Formal structure needed for herbal medicine
Dr Sonia Davidson, both a medical doctor and a practitioner in alternative medicine, in the discipline of 'Mind and Body Healing', said while there has been an enthusiastic move in Jamaica towards developing a range of medical products from ganja, the question of who will be the scientists and who will dispense these products has not yet been adequately addressed. "The persons who are going to dispense have to be trained. Who is going to teach them? Where is the formal structure?" she asked.
The experienced medical practitioner also said the Ministry of Health seemed satisfied with the fact that they have addressed herbal medicine, adding that "they are registering the medicine, but they don't say who can administer it or who can prescribe it and who can use it."
"So the things are coming into the health-food stores and the persons who are selling it have never had a day of training," she highlighted.
A recent study focusing on the safety factor in relation to herbal medicine in Jamaica by a scientist who was trained at the University of Westminster found that most of the patients he studied right across the island did not tell their doctors that they were taking herbs, for fear of being ridiculed. Davidson argued that the research further showed that the patients either stopped taking the doctor's medicine and used the herbs alone, or took both the medication prescribed by the medical practitioner and the herbs, in which case, many of the drugs interacted adversely with each other.
Place for Alternative Medicine
Pushing for a more inclusive approach to alternative medicine, Davidson said, for more than a decade, she has had to be trying to convince technocrats in government to appreciate that there is a place for trained persons who practise alternative medicine in the health sector and they should be accommodated within a formal legislative setting similar to those who operate in conventional medicine.
Davidson said she uses every opportunity she gets to emphasise the inevitability of regularising the practice of complementary medicine in Jamaica.
She argued that while "some of our very lofty professors" will describe many aspects of alternative medicine as "rubbish", she is not fearful to stand her ground as there is extensive research which provides substantial evidence of the benefits of this discipline.
"You cannot graduate from university 20 years ago and don't keep up to date and know that these things that we see are not researched. Many of them are researched, but because you are not aware, they would never be included in our curriculum," she asserted.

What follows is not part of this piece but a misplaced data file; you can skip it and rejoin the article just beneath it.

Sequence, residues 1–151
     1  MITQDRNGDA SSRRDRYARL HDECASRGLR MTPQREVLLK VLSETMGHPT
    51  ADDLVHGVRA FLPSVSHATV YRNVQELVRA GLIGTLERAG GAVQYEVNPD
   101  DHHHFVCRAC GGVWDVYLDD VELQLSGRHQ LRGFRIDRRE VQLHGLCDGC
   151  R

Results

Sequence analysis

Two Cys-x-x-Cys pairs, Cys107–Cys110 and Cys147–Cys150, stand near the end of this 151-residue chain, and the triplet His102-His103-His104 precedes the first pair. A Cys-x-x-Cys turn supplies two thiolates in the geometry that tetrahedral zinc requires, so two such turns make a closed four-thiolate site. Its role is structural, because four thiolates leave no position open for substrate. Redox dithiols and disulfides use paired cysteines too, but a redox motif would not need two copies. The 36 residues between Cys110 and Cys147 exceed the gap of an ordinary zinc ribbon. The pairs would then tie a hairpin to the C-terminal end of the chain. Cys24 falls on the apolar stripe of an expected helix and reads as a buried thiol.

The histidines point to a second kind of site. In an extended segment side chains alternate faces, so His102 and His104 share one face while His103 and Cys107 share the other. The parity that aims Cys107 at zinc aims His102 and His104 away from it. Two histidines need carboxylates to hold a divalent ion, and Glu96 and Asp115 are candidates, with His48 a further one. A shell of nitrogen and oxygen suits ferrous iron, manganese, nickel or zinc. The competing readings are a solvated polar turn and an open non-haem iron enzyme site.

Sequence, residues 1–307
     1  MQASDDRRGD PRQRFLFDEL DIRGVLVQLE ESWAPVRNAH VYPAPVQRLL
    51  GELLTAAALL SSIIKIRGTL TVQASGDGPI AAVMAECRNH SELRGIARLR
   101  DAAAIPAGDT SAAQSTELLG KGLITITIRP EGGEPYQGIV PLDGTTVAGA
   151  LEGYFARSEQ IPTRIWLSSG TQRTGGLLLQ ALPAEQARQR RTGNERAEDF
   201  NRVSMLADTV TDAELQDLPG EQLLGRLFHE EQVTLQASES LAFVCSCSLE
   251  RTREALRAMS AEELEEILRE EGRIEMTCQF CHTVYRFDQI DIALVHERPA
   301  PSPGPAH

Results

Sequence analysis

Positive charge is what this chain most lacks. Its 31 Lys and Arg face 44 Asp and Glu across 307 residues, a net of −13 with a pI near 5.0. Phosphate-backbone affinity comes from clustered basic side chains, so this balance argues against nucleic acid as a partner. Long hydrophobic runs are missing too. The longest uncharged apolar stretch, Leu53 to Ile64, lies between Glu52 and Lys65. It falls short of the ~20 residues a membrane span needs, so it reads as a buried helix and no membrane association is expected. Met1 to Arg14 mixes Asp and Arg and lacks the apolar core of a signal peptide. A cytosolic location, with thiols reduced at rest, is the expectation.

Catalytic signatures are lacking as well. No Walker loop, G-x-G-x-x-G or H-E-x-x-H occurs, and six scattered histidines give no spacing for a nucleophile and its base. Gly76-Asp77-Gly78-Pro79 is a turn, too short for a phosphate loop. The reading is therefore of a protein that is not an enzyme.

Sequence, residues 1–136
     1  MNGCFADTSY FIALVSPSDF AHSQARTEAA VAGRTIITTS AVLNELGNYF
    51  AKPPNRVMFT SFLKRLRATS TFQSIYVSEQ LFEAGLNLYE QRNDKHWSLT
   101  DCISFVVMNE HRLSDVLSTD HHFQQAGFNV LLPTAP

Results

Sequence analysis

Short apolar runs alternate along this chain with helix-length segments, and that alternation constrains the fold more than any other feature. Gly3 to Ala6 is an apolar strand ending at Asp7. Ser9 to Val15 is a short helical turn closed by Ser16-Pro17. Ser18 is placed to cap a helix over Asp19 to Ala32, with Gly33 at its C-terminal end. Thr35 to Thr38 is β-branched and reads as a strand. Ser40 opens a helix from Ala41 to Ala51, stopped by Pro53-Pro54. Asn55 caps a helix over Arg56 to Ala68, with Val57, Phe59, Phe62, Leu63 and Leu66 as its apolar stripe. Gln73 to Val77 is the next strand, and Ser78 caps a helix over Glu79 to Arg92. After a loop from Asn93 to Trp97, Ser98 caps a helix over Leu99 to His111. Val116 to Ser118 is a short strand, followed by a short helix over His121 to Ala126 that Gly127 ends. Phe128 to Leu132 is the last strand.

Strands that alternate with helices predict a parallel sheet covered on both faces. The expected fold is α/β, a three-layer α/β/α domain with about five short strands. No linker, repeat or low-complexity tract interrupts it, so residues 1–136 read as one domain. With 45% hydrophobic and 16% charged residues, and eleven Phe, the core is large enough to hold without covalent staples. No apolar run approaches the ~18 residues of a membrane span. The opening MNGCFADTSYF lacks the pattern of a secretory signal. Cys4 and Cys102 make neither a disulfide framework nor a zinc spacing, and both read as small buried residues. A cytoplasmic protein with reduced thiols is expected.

"A surgeon should know that playing music, instead of chatting rubbish over the patient's head during surgery, actually could reduce the greater blood flow. Every discipline needs to borrow from complementary medicine," she recommended.
Massage is alternative medicine but was once ridiculed, she argued, noting that if a patient reports that it helps them, conventional medical practitioners should not scoff at them. "They need to have an open mind to alternative medicine", she said.
"Many things, once they have been proven and taken out of alternative medicine, they are no longer called alternative. Of course, they are called medicine and nobody remembers where they are coming from."
From as far back as 1998, Davidson has been a crusader for complementary/alternative medicine to be formally introduced in Jamaica, and was a member of an advisory council that was set up by the late former permanent secretary in the health ministry, Dr Grace Allen Young.
According to Davidson, the late former permanent secretary took an objective approach to the issue of complementary medicine and was neither for nor against it.
The advisory council, which comprised ministry officials and stakeholders, prepared a comprehensive report and presented it to the ministry.
The expert in 'Mind and Body Healing' told The Gleaner that, after Allen Young's passing, successive permanent secretaries and health ministers could not even find the report.
Davidson was unfazed by the setback in the missing report, but continued to make recommendations to the health ministry. She advised the ministry to recruit someone trained in herbal medicine to assist in the development of standards for the discipline. "You can't open a bar unless you have some kind of licence, but you can go out and practise (alternative) medicine," she quipped.
A suggestion was also made to the Government to start with those persons who had received accreditation from abroad. "They want to come, they don't want to work in an unregulated setting, and they want to make sure there is a distinction between them and those persons who are using their name in vain."
It was also recommended that the Government could set up a council for complementary and alternative medicine which would operate in a similar fashion to the Medical Council of Jamaica. She said anyone who wants to practise complementary medicine would have to report to the proposed new council.